These days, when 17-year-old Abdel Rahman Jaber passes strangers on the street, they don’t look at him twice. He’s a typical, lanky Lebanese teenager with dark brown eyes.
But only one of those eyes is natural. The other is a painstakingly constructed prosthesis.
Jaber was one of several protesters who lost an eye after being hit by rubber bullets during clashes with security forces in downtown Beirut in January. He still has no sight on his right side, but now, thanks to a doctor who offered his services for free to the protesters, he has a lifelike prosthesis where his right eye used to be.
When he first looked in the mirror and saw himself with the new eye after the work was completed last month, Jaber said he felt “very good.”
“Of course, I see the difference, but it looks natural,” he told Al Arabiya English, sitting in Dr. Samer Kahil’s office in Beirut after coming in for a checkup last week. “People when they see me, it’s not obvious.”
Kahil said that was what he had hoped to achieve.
“It’s true that the prosthetic can’t see, but in practice when he looks in the mirror, he can feel comfortable,” the doctor said.
Like many young people worried about their future in a country with scarce opportunities and a political system rife with corruption, Jaber began joining protests after Lebanon’s October Revolution broke out last fall. He used to help block roads in the Beqaa Valley, where he lives, he said.
When he came to Beirut on January 18, he said, it was the first time he had joined a protest in the capital’s Martyrs’ Square.
“I went to Beirut to Martyr’s Square in front of the Parliament, and some clashes broke out between the revolutionaries and the security forces and they began to spray us with water, for instance, and fire tear gas, and I was hit by a rubber bullet in my eye,” Jaber said.
“When I was first injured, I put my hand on my face and then I took it off, and I saw there was blood…Then everything got dark, and I didn’t see any more.”
Jaber was taken by ambulance to Hotel Dieu Hospital, where he underwent a six-hour surgery – but in the end, the doctors told him his retina had been irreparably damaged. He had lost his right eye.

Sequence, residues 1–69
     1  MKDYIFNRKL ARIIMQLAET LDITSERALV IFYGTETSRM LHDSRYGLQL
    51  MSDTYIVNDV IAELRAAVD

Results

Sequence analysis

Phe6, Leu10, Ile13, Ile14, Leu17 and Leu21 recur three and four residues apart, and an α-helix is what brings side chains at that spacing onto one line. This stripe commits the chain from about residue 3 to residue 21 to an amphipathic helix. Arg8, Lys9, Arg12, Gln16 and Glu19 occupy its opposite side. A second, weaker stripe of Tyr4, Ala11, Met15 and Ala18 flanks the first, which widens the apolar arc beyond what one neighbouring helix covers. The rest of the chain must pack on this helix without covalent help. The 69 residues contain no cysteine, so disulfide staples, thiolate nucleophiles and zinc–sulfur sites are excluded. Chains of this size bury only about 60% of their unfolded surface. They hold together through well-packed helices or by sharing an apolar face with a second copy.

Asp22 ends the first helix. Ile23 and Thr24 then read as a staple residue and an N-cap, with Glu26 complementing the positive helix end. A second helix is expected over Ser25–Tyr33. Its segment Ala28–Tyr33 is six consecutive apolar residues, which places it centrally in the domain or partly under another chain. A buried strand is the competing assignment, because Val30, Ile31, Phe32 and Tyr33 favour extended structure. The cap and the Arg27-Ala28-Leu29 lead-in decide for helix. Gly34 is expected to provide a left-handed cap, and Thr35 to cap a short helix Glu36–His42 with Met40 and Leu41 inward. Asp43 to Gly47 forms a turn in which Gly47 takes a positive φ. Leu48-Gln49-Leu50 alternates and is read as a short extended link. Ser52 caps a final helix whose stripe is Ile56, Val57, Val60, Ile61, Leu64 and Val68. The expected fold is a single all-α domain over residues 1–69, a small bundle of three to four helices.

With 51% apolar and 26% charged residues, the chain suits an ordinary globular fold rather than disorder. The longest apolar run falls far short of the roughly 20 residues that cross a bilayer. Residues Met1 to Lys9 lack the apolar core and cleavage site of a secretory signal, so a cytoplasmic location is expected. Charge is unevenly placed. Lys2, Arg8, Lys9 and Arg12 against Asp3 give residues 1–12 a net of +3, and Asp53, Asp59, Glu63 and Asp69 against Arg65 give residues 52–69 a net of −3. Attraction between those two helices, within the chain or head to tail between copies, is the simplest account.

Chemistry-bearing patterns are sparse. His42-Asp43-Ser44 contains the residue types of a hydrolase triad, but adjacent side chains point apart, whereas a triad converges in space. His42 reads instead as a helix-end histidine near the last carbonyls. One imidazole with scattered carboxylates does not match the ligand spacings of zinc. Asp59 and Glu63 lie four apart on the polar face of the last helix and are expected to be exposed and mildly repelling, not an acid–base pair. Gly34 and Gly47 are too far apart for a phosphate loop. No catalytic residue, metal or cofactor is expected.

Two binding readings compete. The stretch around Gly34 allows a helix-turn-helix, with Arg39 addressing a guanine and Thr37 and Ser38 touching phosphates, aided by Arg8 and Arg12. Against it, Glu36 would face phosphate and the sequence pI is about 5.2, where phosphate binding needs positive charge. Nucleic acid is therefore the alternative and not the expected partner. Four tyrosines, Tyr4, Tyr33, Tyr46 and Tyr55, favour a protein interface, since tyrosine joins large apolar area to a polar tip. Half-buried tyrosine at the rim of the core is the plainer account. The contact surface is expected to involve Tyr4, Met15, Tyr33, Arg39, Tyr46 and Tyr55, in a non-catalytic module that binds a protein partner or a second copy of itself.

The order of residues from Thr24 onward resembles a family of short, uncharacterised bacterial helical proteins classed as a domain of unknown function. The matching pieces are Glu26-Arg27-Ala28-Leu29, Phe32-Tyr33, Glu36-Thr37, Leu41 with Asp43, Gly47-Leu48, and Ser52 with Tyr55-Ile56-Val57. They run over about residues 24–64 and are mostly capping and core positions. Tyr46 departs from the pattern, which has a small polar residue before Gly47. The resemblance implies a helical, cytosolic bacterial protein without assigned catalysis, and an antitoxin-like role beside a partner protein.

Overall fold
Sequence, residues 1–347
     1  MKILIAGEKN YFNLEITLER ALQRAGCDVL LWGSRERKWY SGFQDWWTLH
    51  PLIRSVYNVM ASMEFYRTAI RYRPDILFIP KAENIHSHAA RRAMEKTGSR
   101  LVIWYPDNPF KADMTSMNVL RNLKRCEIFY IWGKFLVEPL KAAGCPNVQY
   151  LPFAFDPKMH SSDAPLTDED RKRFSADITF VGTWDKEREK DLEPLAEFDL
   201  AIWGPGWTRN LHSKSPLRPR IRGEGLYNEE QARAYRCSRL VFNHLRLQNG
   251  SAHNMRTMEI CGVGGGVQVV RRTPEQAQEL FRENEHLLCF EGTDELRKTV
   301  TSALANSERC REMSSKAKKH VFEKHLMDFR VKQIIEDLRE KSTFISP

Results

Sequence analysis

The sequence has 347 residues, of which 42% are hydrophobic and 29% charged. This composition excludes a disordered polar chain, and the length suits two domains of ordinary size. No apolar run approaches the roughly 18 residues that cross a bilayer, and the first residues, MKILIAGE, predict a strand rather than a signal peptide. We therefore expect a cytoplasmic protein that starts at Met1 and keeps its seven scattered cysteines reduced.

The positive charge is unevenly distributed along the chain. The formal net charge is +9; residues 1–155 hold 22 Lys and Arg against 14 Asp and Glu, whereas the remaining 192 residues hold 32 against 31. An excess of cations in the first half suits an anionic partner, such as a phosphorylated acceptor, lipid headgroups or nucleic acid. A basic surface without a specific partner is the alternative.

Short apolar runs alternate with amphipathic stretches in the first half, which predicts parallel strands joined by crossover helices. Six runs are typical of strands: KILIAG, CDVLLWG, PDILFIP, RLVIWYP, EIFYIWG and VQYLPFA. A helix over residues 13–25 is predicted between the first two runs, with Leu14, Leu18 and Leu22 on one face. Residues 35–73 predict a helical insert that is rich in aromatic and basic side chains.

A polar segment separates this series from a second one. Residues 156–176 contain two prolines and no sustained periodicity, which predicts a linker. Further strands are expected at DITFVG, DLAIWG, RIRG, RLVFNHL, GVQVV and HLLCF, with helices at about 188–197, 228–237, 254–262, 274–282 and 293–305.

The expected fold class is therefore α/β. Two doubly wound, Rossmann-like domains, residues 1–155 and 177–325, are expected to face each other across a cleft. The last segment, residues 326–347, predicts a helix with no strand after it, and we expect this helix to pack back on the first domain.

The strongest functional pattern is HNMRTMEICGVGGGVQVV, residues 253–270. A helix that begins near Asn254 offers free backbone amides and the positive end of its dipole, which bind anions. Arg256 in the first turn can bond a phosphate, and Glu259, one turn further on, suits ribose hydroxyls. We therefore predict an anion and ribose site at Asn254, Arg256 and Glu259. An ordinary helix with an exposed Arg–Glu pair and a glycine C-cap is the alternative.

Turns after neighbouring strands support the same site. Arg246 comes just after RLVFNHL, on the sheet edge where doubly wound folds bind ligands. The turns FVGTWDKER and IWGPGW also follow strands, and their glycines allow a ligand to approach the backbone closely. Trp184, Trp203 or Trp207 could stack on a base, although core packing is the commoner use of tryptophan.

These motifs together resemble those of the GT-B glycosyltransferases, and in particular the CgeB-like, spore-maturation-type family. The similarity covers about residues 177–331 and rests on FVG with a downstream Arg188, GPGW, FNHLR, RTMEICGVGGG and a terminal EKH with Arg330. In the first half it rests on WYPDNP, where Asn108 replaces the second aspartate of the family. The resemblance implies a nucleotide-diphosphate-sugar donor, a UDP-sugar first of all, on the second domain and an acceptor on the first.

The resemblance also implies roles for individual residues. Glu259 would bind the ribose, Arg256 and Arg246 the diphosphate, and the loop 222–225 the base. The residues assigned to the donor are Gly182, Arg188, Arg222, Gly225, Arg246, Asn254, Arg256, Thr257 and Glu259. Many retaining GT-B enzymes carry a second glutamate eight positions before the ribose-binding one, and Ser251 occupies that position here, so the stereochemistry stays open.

He was not the only one; several other protesters suffered injuries that left them blind in one eye during the weekend of clashes between protesters and security forces.
Like many others, Kahil, who owns the Lebanese-Swiss Center for Artificial Eyes in Lebanon’s Tayouneh district, had seen news reports about the injured protesters.
“I thought to myself that this person is protesting and he’s in need – financially, socially, economically the situation is bad,” he said.
Kahil surmised – correctly, as it turned out – that the protesters’ families were likely not able to afford the cost of an artificial eye, which, before the collapse of the Lebanese currency ran around $2,000. Given the shortage of dollars and the country’s economic crisis, Kahil said he now takes payment in lira at a considerably discounted rate.
“So, I decided that I’ll make a gesture – it’s good to make a gesture and I want to help,” he said.
Posting on social media, Khalil offered free artificial eyes to injured protesters and was put in contact with four individuals who had lost their eyes. Jaber and one of the other young men decided to go ahead with the process. Kahil added that if other protesters want to come, he will still welcome them.
Kahil works using acrylic resins to build prosthetic eyes based on a three-dimensional imprint of the eye cavity. Apart from the measurements, it’s a painstaking process to get the mix of colors just right.
Altogether, it takes around 50 hours to complete and install the artificial eye, Kahil said.
“[The patient] is going to be seeing me every day in the mirror so when he sees me, he should have a smile on his face, because I’m present in his eye, so because of this I need to work correctly,” he said.
And in the case of the protesters, he said he felt an extra responsibility.
A heavy price
“I consider that these young men paid a very expensive price, and for nothing,” he said. “If we had benefited from this thing that happened, we could say ‘God compensates’ – and of course God does compensate. But … the eye is a precious thing, and I consider that they lost their eyes for nothing.”
It took seven or eight visits to make sure that the measurements and colors were just right, Jaber said. The work for him and the second protester was completed in mid-June.
Jaber is not going to the protests these days. He is pessimistic about the country’s future.
“There is no future,” he said, pointing to “the price of the dollar, the political situation – there are many things. The simplest example, there is no diesel fuel.”
When asked if, given a chance to go back in time, he still would have joined the protest in Beirut, he hesitated.
“It’s a hard choice,” he said. “I would go down, of course, for the sake of my country, my homeland, and so forth. But from a personal point of view, if I think about just myself, of course I wouldn’t go.”